Marcus Li, B.Sc., P.Eng.
Principal, Acoustics Noise and Vibration
Guelph, ON, Canada
The requirement to complete a Third-Party Acoustic Audit may be included with an Ontario Ministry of Environment Conservation and Parks (MECP), environmental approvals. When we’re approached, some clients aren’t sure what’s involved in having an audit completed. Well, the main focus is to confirm that the actual facility noise levels (typically measured), match with the predicted facility noise impacts (modelled), and ultimately, to confirm that the facility noise levels comply with the applicable guideline limits. The following are the key steps of how an audit is typically conducted.
Step 1: Review of the approval and Acoustic Assessment Report
The first thing we need to do is understand what the basis is for demonstrating compliance. This could include any number of mitigation measures, operational restrictions, relaxed limits from increased background noise (road traffic), etc. A review of the approval and the Acoustic Assessment Report will cover off these items.
Occasionally, there is additional correspondence between the Acoustic Assessment Report author and the MECP on something that may have required clarification. This is usually documented in the approval. It’s a good idea to review this additional correspondence. But, more often than not, the approval and Acoustic Assessment Report itself will set out the requirements for demonstrating compliance.
Once the conditions/scenarios are understood, we try to coordinate our site visit/noise measurements around the regularly scheduled occurrences of an activity. This could include items such as testing of the facility’s generator, capturing frequent deliveries using pneumatic delivery trucks/pump trucks, and/or completing measurements during the summer months when cooling units are in heavy use.
Step 2: Site Visit Review
Next, we complete a walk-through of the facility. During the walk-through we’ll take a look at the mitigation measures installed as a requirement of the approval (e.g. silencers, barriers, enclosures, etc.). Any differences are noted and commented on in our audit report. This is more for information purposes, since our main focus is whether or not the facility sound levels are in compliance. We have been involved in situations where mitigation was not installed, and the facility was found to be in compliance. In the end, these mitigation items were inconsequential.
We’ll also coordinate with the facility staff to ensure the facility is operating under the “worst-case” conditions/scenarios outlined in the Acoustic Assessment Report. A line of communication is also kept open in case operations change. We have had entire lines go down in the middle of a measurement period, in which any measurements following that event would no longer be considered representative of the facility impacts.
Figure 1: Site visits are key components to the acoustic audit processes.
Step 3: Review of the Surroundings
Before getting to the measurements, the surroundings also need to be reviewed. We’re interested in determining if the area classification (Class 1, 2, 3, or 4) in the report is appropriate for the actual site area. For example, a rural area (Class 3 area) could be classified as a more “urban” setting (Class 1 or 2 area), due to frequent road traffic. This allows us to apply more relaxed guideline limits associated with a Class 1 or 2 area for determining compliance. Additionally, we’ve encountered situations where the existing background noise levels are higher than the default sound level limits applied in the approval for the facility, which allows for some flexibility if the facility levels are higher than predicted.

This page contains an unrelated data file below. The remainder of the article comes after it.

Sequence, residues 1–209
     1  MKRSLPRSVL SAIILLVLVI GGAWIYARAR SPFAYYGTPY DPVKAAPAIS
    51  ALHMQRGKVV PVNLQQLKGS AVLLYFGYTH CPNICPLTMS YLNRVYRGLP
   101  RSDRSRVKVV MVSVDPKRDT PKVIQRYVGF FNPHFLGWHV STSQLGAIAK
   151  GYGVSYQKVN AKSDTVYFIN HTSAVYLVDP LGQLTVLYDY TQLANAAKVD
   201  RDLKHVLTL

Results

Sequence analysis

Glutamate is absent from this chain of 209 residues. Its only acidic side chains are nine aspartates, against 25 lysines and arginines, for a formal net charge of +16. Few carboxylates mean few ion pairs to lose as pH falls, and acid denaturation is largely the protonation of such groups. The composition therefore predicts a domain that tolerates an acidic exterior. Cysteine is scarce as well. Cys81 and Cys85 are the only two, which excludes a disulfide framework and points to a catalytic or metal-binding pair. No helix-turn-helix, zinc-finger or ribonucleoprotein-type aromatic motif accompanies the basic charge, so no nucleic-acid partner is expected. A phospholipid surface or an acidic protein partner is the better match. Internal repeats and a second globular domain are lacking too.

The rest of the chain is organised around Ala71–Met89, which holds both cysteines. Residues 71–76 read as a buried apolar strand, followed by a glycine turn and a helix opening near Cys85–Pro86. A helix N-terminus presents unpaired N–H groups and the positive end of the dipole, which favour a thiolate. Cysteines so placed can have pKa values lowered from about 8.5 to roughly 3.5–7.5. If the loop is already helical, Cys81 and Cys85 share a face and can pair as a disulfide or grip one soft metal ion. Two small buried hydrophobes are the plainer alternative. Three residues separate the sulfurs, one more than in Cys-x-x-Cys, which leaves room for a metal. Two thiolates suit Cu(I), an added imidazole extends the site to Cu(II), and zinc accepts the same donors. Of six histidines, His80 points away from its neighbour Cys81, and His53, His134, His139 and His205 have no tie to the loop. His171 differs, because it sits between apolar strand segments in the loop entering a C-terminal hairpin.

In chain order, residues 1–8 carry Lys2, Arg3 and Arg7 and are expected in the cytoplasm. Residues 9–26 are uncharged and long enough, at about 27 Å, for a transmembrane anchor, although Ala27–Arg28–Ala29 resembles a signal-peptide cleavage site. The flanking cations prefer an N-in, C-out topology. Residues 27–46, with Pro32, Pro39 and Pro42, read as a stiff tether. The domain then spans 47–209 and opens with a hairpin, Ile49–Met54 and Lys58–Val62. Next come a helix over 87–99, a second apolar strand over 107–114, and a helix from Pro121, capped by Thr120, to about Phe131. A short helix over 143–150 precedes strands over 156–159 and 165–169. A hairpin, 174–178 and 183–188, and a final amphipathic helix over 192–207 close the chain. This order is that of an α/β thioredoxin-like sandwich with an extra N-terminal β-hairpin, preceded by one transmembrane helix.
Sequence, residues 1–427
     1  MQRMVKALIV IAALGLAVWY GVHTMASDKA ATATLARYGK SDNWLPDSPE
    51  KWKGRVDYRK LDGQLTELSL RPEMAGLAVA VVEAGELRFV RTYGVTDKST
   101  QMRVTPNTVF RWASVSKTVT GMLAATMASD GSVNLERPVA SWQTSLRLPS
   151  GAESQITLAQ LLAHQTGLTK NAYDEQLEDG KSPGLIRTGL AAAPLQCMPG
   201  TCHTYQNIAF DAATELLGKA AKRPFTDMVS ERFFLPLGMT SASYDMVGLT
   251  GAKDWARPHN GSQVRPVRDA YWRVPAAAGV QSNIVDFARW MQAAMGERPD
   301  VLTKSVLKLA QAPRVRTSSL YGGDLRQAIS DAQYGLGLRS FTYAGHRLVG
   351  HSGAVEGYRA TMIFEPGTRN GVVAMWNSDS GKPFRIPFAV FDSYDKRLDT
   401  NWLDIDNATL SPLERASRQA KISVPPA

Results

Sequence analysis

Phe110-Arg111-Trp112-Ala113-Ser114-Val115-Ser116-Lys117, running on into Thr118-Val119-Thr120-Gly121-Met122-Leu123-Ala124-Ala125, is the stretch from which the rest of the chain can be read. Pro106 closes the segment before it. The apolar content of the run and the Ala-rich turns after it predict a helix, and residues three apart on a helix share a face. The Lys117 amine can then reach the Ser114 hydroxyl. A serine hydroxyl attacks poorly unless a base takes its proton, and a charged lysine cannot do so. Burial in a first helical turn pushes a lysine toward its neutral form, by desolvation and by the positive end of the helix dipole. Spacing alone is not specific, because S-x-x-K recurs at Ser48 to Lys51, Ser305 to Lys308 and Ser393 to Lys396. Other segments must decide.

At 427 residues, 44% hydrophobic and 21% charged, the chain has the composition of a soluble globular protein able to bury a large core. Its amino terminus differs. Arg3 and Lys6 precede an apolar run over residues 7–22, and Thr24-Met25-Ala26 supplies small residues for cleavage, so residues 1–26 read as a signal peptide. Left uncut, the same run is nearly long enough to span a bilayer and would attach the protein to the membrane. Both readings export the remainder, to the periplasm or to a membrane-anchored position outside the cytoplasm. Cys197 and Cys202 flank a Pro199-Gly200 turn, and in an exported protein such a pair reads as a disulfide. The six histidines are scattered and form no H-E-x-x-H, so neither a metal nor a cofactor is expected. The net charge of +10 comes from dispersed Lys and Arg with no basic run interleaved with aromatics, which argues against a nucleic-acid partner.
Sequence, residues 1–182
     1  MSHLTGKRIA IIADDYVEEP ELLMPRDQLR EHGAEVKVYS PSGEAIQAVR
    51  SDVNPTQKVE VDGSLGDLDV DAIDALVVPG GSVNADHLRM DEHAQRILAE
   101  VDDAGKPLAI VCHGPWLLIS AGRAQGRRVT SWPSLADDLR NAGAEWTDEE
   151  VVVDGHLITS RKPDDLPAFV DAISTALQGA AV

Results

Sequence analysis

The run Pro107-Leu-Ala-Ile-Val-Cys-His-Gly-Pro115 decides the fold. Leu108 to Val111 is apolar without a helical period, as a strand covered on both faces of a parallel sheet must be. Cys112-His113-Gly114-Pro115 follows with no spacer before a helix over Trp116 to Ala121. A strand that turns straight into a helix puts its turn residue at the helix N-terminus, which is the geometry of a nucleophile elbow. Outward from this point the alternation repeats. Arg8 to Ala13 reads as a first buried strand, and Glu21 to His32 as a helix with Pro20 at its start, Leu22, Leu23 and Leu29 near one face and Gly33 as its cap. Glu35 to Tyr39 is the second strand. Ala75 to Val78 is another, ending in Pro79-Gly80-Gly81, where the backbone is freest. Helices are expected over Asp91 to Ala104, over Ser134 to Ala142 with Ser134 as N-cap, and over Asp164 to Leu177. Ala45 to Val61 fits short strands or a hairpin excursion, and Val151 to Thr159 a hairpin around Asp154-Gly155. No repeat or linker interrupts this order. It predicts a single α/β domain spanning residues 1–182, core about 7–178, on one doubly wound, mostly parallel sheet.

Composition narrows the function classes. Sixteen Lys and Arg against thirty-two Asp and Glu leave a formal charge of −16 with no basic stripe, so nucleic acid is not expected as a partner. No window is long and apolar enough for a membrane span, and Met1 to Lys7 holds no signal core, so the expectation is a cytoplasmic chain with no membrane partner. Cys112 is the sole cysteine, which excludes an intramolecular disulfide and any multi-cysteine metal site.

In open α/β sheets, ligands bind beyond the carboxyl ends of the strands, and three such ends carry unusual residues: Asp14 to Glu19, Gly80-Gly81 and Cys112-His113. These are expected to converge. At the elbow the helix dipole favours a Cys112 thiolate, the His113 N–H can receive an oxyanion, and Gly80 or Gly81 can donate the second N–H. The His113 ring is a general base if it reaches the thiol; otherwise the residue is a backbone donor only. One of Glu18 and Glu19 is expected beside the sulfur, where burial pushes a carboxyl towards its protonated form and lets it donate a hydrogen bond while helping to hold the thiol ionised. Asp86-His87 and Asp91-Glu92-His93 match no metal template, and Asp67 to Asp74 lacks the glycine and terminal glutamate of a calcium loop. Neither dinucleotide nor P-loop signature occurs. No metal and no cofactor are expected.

Traditionally we have also checked that the noise receptors are in the correct locations. But, this was more of an issue before aerial photography was so readily available, and is usually not a necessity for the audit.
Step 4: Measuring the Facility Noise Level Concentration
Measurements are completed for each of the conditions/scenarios outlined in the Acoustic Assessment Report submitted during the application process. These measurements are required to be completed in accordance with the MECP NPC-103 publication.
Wherever possible, we complete measurements at each receptor location specified in the Acoustic Assessment Report. The locations are permitted to be changed, particularly if the worst-case locations are observed to be different from those used in the assessment.
We generally find the measurements are best completed during the overnight period (11 pm to 5 am). The background levels (roadway noise) are the lowest during these periods, and are the least likely to contribute to a false conclusion of non-compliance. In general, we try to complete measurements either on-site for the facility, or within publically accessible areas. In some situations measurements may require appropriate permissions for access and security reasons.
Other tasks considered during the measurements include confirming increased guideline limits are in the right sound level range, or confirming the presence/absence of any acoustical penalties (e.g. tonality, cyclical, etc.).
Figure 2: A sound level meter used in an acoustic audit to measure outdoor environmental noise.
Step 5: Preparing the Report
After completing the measurements, observations, confirmations, etc., we’ll know if the facility noise levels comply with MECP requirements. A report then follows, which supports the conclusions of the audit.
|Marcus is a specialist in acoustics, noise and vibration, he often assists with conducting audits, peer reviews, and complaint investigations.|
|Acoustic Audit, Environmental Compliance Approval, Facility Noise Levels, MECP, Renewable Energy Approval|